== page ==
"Obama's Katrina": that was the line from some pundits and news sources, as they tried to blame the current administration for the gulf oil spill. It was nonsense, of course. An Associated Press review of the Obama administration's actions and statements as the disaster unfolded found "little resemblance" to the shambolic response to Katrina - and there has been nothing like those awful days when everyone in the world except the Bush inner circle seemed aware of the human catastrophe in New Orleans.
Yet there is a common thread running through Katrina and the gulf spill - namely, the collapse in government competence and effectiveness that took place during the Bush years.
For the Bush administration was, to a large degree, run by and for the extractive industries - and I'm not just talking about Dick Cheney's energy task force. Crucially, management of Interior was turned over to lobbyists, most notably J. Steven Griles, a coal-industry lobbyist who became deputy secretary and effectively ran the department. (In 2007 Mr. Griles pleaded guilty to lying to Congress about his ties to Jack Abramoff.)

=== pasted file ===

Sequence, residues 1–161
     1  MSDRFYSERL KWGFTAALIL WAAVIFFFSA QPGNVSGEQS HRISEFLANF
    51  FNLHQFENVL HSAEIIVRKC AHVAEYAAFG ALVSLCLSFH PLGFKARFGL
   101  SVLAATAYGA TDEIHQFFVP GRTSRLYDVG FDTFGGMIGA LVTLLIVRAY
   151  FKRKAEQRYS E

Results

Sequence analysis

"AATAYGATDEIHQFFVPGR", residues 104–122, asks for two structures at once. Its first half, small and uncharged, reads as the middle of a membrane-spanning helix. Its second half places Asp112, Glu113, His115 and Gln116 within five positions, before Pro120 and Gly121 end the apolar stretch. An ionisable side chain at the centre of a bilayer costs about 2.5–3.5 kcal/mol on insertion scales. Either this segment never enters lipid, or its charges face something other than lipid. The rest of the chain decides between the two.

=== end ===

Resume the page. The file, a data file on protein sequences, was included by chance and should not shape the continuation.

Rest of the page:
Krugman then graciously conceded that the president of the United States may possibly shoulder some responsibility for what happens in his administration, before cynically suggesting that the tragedy in the gulf had a "silver lining" - that unlike what the Tea Party movement thinks,"there are some jobs only the government can do."
Now, President Obama isn't completely innocent of blame in the current spill. As I said, BP received an environmental waiver for Deepwater Horizon after Mr. Obama took office. It's true that he'd only been in the White House for two and half months, and the Senate wouldn't confirm the new head of the Minerals Management Service until four months later. But the fact that the administration hadn't yet had time to put its stamp on the agency should have led to extra caution about giving the go-ahead to projects with possible environmental risks.You can follow Times Watch on Twitter .
Mr. Obama understands this: he gave an especially eloquent defense of government at the University of Michigan's commencement, declaring among other things that "government is what ensures that mines adhere to safety standards and that oil spills are cleaned up by the companies that caused them."
Yet antigovernment ideology remains all too prevalent, despite the havoc it has wrought. In fact, it has been making a comeback with the rise of the Tea Party movement. If there's any silver lining to the disaster in the gulf, it is that it may serve as a wake-up call, a reminder that we need politicians who believe in good government, because there are some jobs only the government can do.